Last week, we talked about companies popping up to offer “Balance Clinic Packages” to primary care physicians, emphasizing how profitable and easy it is. This week, we look at one example of this.
A few weeks ago, one of the ENT physicians in our group received a fax from a company called Innovative Healthcare Systems (IHS). No address was given but the fax number area code was from Palm Beach County, Florida. Attached was a letter from Dr. Edward R. Popick. In the first paragraph of the letter Dr. Popick says “you may earn an extra $15,000 to $25,000 a month in ancillary income.”
After a few paragraphs of statistics about geriatric falls and hip fractures, Dr. Popick makes the statement, “Medicare and major insurance companies are more than willing to pay for fall prevention testing…” Then there is an offer to “send you a financial projection that will let you know what this program could mean financially for your practice.”
Then, after signing off “Most sincerely, Edward R. Popick M.D.”, he offers, this time in bold print “we are willing to give you a $10,000 Fall Assessment System – FREE (if you respond to us within the next two weeks). Don’t delay!”
Now, if you read my blogs, you know I am a proponent of improving vestibular screening in emergency departments and primary care offices. The letter never mentioned what the program was, or what equipment they were selling, although it mentioned several times how much money we could make. So I decided to visit the website listed on the letter. I visited Balance-Plus.com and looked around. The website did confirm that Innovative Health Systems is based out of Royal Palm Beach, Florida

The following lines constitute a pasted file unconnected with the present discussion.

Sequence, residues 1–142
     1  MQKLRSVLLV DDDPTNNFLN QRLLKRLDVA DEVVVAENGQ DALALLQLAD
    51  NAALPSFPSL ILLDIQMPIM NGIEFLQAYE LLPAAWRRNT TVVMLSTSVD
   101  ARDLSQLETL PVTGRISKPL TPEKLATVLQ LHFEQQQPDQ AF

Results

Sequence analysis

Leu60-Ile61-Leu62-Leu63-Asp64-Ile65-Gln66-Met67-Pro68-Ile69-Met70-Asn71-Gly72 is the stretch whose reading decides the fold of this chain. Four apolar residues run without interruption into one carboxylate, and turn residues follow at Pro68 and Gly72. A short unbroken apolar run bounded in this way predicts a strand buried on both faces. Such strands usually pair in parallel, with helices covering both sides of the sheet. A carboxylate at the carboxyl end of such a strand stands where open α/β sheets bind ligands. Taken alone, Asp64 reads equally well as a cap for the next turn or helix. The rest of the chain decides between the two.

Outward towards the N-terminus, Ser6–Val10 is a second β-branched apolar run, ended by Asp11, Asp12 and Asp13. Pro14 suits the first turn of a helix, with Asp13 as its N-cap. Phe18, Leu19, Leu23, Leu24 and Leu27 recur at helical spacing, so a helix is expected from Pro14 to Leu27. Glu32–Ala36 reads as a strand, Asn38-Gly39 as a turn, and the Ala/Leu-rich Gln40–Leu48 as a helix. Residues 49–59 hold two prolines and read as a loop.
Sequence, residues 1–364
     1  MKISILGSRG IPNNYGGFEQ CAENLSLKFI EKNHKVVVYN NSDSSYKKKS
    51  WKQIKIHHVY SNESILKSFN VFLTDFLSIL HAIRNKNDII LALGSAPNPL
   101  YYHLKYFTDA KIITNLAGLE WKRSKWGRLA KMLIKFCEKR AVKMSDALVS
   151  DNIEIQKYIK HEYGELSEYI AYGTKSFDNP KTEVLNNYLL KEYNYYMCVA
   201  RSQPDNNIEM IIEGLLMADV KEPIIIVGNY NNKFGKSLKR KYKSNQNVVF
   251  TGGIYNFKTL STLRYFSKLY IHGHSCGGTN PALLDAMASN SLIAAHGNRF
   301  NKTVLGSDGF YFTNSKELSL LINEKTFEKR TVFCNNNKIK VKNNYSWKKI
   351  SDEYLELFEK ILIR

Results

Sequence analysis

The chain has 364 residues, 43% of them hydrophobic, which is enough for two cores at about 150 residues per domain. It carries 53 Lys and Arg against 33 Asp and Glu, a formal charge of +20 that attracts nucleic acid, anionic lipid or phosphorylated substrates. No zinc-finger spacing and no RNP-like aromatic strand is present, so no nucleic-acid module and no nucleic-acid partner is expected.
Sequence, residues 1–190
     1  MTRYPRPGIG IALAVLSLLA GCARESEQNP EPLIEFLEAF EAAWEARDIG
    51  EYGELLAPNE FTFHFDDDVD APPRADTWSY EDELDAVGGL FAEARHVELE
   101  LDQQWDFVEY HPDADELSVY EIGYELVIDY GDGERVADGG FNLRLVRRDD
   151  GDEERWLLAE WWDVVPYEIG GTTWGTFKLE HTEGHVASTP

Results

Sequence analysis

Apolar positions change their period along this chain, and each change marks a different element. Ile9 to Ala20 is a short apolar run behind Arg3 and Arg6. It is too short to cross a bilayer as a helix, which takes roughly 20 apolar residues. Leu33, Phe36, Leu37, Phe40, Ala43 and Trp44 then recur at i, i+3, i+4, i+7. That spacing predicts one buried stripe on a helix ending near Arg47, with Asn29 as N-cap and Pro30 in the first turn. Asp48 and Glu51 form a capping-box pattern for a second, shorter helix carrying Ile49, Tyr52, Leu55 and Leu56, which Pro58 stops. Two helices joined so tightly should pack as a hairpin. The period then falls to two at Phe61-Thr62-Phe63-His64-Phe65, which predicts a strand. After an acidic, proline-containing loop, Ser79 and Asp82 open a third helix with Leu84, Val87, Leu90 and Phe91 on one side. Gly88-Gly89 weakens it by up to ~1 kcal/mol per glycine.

The first thing I noticed was that much of the information looked familiar. Paragraph after paragraph was directly lifted, and another whole section was intermittently paraphrased from publications I had written several years ago. There was no attribution or any indication that the text was not the property of, or written by the company. There was also considerable text that was unfamiliar to me, so I don’t know if they wrote that themselves or lifted it from someone else.
Second, they list CPT Code 92546 as part of their test battery when they do not sell rotational chairs. They also describe Active Head Rotation as the appropriate test for this code. They fail to mention that in 49 states, Medicare guidelines prohibit the use of 92546 for Active Head Rotation. Don’t you think a company that sells equipment should be aware of policies regarding that equipment?
Lastly, I was curious about Dr. Popick, and read his bio describing him as “a voice of the information age” and a “consultant to ABC News.” But, I have learned that most bios enhance the good stuff, and gloss over the bad stuff, so I Googled him to see what else he may have been involved in.
Imagine my surprise when one of the first sites with information on Dr. Edward R. Popick was Mugshots.com. Please click and draw your own conclusions.
Now, to be fair, there is a chance there is more than one Dr. Edward R. Popick of Lake Worth, Florida, age 67. I attempted to contact Dr. Popick through the Balance-Plus website twice for verification and he did not respond.